Michael A. Corey is a summa cum laude graduate of West Virginia State College and an alumnus of the Claremont Graduate School, where he studied theology and the philosophical relationship between science and religion. He also studied human biological science at the West Virginia University School of Medicine.
Joseph W. Francis is an associate professor of biology at Cedarville College in Ohio. He teaches introductory and molecular biology, genetics, and immunology. His publications focus primarily on molecular cell biology and teaching methodologies using the Internet. Prior to his appointment at Cedarville College, he was a postdoctoral fellow in the Department of Pediatrics at the University of Michigan.
Walter R. Hearn (Ph.D., Biochemistry, University of Illinois) is professor of Christianity and Science at New College, Berkeley, a co-author of Teaching Science in a Climate of Controversy (1986) and author of Being a Christian in Science (1997). Formerly he taught biochemistry at Iowa State University (1955-1972) and was editor of the American Scientific Affiliation Newsletter (1969-1993).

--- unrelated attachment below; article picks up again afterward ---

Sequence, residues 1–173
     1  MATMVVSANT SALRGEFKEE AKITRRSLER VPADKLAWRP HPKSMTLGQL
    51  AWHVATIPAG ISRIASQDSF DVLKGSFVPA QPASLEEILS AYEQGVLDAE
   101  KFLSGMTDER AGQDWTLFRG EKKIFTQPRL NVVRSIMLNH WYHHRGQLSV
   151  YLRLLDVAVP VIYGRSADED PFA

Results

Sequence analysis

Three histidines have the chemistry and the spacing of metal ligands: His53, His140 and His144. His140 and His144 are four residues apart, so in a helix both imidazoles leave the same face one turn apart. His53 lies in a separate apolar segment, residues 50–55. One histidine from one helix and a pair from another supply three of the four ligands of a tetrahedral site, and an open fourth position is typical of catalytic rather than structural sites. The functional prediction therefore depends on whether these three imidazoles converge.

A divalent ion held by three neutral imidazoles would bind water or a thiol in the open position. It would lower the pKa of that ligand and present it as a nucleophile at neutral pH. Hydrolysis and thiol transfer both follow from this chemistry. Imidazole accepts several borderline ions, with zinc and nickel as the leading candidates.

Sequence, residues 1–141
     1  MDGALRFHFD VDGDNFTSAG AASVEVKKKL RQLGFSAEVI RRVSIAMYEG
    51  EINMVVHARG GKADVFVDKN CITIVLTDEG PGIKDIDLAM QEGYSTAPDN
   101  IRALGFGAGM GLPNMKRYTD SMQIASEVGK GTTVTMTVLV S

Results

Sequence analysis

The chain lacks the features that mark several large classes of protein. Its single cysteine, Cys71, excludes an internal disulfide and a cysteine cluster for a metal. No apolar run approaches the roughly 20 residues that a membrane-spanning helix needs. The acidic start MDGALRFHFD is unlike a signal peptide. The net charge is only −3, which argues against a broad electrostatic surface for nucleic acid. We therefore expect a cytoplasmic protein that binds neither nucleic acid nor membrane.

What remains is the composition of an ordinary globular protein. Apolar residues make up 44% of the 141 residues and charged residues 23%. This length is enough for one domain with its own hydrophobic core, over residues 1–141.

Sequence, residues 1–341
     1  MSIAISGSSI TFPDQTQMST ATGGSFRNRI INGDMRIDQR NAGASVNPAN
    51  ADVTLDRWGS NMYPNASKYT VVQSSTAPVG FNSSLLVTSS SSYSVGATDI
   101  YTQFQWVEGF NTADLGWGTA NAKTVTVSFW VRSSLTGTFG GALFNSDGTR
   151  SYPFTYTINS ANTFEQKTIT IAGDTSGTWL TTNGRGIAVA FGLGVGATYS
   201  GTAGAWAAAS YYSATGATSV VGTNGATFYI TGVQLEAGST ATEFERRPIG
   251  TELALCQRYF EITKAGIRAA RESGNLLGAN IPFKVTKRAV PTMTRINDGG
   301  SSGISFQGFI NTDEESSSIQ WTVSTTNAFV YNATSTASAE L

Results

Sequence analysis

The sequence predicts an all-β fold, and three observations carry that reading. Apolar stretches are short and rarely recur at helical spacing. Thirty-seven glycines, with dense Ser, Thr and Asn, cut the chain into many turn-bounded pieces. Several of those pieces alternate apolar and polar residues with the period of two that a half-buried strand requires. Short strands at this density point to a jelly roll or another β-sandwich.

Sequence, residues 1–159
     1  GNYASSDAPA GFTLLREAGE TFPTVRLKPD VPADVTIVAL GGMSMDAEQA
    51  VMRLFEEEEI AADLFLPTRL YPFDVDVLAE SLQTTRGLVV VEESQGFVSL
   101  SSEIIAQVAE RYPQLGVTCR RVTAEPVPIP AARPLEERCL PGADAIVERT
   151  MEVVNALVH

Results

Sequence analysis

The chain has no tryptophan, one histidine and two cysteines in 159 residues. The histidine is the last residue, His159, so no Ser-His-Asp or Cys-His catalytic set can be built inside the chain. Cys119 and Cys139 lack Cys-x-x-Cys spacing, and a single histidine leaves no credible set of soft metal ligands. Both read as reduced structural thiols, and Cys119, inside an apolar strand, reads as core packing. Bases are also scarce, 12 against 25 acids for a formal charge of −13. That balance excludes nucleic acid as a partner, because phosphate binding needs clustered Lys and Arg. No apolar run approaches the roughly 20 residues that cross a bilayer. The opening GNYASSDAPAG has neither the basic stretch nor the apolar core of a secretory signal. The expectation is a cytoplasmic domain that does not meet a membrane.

Margaret Helder completed her education in 1970 with a Ph.D in botany from the University of Western Ontario in London, Ontario, Canada. Her research interest was in aquatic phycology and aquatic ecology. Her current activities include writing general interest science articles for several publications.
Lydia McGrew (Ph.D., English Literature, Vanderbilt) has contributed articles to Public Affairs Quarterly, Journal of Philosophical Research, and Idealistic Studies. She currently homeschools her oldest daughter, Bethel.
David Tyler (Ph.D., Management Science, University of Manchester; M.Sc., Physics, Loughborough University) is a senior lecturer in Manufacturing Systems at Manchester Metropolitan University. He has authored or co-authored more than 50 papers and articles and has written an undergraduate textbook in the area of materials management.
Kurt P. Wise holds a B.A. in geophysical science from the University of Chicago and an M.A. and Ph.D. in paleontology from Harvard University, where his dissertation focused on the stratigraphic distribution of fossils. He currently teaches at Bryan College in Tennessee, where he directs Bryan’s origins research program.
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